McGann notes a thread of ‘misunderstanding’ in Fulsom’s essay in its presentation of archive as “reified knowledge (and database as liberated knowledge).” Is database, according to Fulsom, liberated knowledge due to its lack of narrative, rhizomatic structure, and (alleged) greater accessibility? Having recently read about applying radical empathy and queer theory to archival practice for another course, I cannot help but wonder if Fulsom is aware of the highly contested nature of the archives and subsequent major shifts in praxis due to challenges to the dominant Western archive. Without attributing the activism or social movements that have pushed for revisions in the terminology of the catalog system, McGann points out the fact that archives are not as rigid as Fulsom maintains.

    I thought discussion of the Whitman biography as presented in database interesting, but I wondered if it were truly a new genre rather than a text embedded with links and maps? Couldn’t one argue that their proposed biography as database is much like a blog or any other sort of web mounted narrrative?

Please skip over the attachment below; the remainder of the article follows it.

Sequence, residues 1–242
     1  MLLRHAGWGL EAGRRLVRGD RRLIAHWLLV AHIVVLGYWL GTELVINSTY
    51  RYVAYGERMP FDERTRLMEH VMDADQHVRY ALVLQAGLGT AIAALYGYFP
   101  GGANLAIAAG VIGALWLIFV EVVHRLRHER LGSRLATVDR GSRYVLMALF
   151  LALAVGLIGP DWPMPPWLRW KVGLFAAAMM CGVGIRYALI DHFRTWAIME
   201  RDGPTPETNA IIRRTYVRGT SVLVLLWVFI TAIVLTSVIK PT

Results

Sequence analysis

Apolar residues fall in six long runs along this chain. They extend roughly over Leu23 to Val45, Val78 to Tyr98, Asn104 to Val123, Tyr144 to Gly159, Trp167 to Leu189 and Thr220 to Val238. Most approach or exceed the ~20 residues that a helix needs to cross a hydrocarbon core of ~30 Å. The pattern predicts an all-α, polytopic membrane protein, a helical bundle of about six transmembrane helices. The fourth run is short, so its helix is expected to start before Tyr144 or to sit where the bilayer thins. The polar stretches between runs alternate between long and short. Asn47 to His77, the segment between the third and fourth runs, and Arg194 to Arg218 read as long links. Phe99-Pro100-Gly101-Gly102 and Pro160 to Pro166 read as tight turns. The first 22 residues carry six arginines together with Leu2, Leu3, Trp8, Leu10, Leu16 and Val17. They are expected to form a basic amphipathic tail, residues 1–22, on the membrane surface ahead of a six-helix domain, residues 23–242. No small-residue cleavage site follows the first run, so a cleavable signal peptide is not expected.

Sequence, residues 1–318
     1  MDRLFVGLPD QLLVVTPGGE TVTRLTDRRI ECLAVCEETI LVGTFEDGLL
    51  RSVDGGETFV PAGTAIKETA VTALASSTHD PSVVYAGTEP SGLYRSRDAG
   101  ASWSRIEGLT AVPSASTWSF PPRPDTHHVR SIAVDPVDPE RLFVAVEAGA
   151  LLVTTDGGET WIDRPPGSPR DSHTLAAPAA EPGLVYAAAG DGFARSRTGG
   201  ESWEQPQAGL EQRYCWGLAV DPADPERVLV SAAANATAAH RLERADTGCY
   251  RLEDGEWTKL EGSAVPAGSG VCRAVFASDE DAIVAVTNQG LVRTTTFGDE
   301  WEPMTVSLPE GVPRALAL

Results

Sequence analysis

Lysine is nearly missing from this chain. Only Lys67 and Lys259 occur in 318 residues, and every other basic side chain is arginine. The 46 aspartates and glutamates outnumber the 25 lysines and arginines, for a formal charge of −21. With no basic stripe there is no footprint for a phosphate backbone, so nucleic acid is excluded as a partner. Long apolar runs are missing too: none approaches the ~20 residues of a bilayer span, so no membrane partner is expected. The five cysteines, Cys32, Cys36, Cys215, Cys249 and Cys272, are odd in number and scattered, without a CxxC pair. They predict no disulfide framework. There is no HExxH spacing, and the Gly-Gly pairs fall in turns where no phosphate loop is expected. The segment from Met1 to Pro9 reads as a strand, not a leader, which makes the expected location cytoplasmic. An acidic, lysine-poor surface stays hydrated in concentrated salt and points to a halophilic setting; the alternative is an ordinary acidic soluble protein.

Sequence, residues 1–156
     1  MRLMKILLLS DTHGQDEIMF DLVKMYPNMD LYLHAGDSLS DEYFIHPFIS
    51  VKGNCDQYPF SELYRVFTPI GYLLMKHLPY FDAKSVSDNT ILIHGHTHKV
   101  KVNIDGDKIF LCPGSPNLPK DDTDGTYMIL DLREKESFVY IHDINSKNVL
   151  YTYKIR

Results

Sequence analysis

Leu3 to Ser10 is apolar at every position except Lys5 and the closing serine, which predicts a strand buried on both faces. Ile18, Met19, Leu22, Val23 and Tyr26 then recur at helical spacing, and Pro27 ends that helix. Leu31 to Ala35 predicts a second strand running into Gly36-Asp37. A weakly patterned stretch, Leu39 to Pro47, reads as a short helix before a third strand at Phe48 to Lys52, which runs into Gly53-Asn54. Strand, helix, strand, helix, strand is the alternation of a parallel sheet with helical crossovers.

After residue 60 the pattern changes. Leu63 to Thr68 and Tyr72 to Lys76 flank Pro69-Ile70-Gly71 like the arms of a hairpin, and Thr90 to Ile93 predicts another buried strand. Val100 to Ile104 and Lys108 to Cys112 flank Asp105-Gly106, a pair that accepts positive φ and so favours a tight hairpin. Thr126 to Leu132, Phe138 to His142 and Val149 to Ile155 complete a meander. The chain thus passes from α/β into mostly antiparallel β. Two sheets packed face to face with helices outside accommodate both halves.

11. Leslie November 1, 2016 at 5:46 pm

    In “Database as Genre,” Folsom writes, “Our impulses always tend to funnel artists into one or another genre. Most authors work in multiple genres, but over time they get aligned with one category: not only do generic instincts pigeonhole literary works, they pigeonhole authors too” (1571). This got me thinking about Anamesa and how we’re currently looking at genre-bending, but have kind of come to the conclusion that we need to keep genre-specific committees, whether or not we label genres in the journal. It goes along with the careful boxing of art into categories on labels or MFA programs making writers apply for specific genres. However, I think that there is an importance to these labels when it comes to organizing things. However, the problem arises when we don’t let people operate outside of the genres that we have boxed them in. Is there a way to reconcile these two ideas? Do we have to have an overriding ideology that says this is this and that is that or can we operate in gray areas?